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Lost Baby

“We lost our baby.”

Another way of saying, “Our baby died,” “Hudson is dead.”

Takes the ownership of the whole business back on the parents. Baby’s not at fault here.

It’s a weird thing to say.

Like maybe we could call together a search party, and maybe our baby would be found. We could plaster every telephone pole and light post with pictures of beautiful baby Hudson, “Lost Baby, if found call 555-1212”.

It’s softer than “Our baby died” or “Hudson died”. It feels less permanent. “We lost our baby,” like misplaced car keys or wallets, not a real live human baby that we made. My wallet can be replaced. My car keys, I can live without. My baby, I often find it hard to live without.

I don’t like saying it – “We lost our baby.” Because I don’t like the reality behind it, first of all. But also because it seems like there should be a better way to say it. I long for prettier, more profound words to describe the worst thing that’s ever happened.

There are things that you lose that bum you out. I had a Roxy sundress that I LOVED when I was in highschool. Somewhere in the move from a highschool dorm to a college dorm to my sister’s apartment to my apartment, I lost it. I see pictures of me in that sundress and I miss it. I looked good in that sundress… but there will be other sundresses.

There are things that you lose that make you panic. Our dog, Diesel, fell out of the back of the Hubs’ truck one night. We looked for him for hours, the Hubs on foot, me driving up and down the route we’d traveled in the Dragon (what the Hubs’ refers to his truck as). Trying to find a black dog in the middle of the night is nearly impossible. And so we  had to go to bed without finding our puppy, and it was nearly impossible to sleep. The Hubs and I both dreamed we’d found him, woke up early to start hunting again, got the call from dispatch that he’d been found. I’ve never been so happy to find something.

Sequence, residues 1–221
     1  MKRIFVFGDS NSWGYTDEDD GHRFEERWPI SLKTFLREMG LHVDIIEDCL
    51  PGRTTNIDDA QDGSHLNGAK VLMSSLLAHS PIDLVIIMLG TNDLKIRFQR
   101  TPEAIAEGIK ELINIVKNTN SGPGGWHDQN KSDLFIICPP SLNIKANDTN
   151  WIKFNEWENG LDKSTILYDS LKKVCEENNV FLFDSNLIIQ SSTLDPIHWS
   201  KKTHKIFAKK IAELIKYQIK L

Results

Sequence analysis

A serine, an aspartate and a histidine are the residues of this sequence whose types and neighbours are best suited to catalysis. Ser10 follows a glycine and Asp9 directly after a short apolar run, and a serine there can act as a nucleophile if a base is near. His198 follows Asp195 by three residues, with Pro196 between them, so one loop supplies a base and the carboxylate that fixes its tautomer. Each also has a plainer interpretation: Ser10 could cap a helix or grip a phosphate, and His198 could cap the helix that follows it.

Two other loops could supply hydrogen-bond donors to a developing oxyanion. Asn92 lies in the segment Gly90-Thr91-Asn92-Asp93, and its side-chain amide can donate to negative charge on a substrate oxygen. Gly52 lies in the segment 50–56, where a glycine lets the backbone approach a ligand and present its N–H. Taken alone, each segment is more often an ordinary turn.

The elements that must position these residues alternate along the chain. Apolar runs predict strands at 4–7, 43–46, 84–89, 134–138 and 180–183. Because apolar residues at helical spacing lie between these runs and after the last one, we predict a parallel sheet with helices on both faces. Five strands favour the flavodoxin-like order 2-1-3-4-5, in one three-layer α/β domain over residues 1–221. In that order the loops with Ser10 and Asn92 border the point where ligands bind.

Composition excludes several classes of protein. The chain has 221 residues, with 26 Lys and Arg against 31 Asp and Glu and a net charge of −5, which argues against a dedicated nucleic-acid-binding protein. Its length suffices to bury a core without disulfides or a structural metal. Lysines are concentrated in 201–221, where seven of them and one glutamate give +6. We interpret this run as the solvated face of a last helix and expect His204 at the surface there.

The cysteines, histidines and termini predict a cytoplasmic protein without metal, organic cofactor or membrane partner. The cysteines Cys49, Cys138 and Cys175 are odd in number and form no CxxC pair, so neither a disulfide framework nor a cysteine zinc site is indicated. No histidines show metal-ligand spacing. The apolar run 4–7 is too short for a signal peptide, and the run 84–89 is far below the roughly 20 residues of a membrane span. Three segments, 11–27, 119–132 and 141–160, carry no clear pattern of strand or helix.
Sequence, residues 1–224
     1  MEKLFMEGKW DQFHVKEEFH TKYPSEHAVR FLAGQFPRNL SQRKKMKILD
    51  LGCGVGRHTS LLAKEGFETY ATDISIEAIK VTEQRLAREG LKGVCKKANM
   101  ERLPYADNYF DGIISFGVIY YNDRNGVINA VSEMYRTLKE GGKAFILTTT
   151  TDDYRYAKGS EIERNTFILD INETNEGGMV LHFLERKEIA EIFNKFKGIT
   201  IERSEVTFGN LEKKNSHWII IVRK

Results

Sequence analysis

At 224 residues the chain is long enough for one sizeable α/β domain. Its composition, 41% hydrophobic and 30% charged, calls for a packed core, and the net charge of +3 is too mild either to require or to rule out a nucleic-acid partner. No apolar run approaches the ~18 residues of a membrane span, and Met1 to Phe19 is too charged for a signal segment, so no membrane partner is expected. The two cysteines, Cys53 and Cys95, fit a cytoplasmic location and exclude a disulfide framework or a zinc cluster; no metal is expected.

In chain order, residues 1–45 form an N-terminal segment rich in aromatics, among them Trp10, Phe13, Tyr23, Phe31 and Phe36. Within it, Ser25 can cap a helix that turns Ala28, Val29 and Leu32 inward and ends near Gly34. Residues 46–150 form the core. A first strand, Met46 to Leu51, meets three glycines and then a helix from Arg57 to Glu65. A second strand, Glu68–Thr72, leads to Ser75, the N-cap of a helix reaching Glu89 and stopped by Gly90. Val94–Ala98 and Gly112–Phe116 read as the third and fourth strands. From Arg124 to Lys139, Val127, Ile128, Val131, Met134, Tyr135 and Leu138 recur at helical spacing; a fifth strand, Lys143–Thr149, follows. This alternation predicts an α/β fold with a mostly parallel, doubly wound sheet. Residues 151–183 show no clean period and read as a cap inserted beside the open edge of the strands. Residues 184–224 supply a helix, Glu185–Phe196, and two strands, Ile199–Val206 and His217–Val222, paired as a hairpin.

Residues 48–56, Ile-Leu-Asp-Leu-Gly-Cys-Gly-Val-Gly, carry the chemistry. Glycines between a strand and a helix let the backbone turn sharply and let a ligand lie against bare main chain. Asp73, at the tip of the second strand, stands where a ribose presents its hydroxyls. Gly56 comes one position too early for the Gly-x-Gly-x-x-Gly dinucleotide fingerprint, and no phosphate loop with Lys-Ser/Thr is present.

There are things that you lose that make you sick to your stomach. My mother-in-law lost the diamond in her wedding ring many  years ago. She was working on the farm and the diamond fell out of its setting. That’s something that can’t be replaced, absolutely. But it hasn’t completely altered the course of her life.

And then, there are things that you lose that can wreck you. You lose a baby, and that’s it. There’s no replacement baby. There’s no reincarnation of Hudson, that beautiful ball of potential awesomeness (only a fraction of her awesomeness was realized in the three days that were her life). She is the one-and-only Hudson and she is lost to us in this life.

I see pictures of Hudson, and I miss her.

The Hubs and I go to sleep without her, dream that we find her, only to wake up and face a world without her.

She can’t be replaced, certainly. Losing her has completely altered the course of my life.

But I can’t let losing her wreck me. I may never find more “pretty, profound” words to describe the death of our child, but I won’t stop trying.

And in another lifetime, maybe I’ll find our one-and-only Hudson. Being with our daughter again will be Heaven.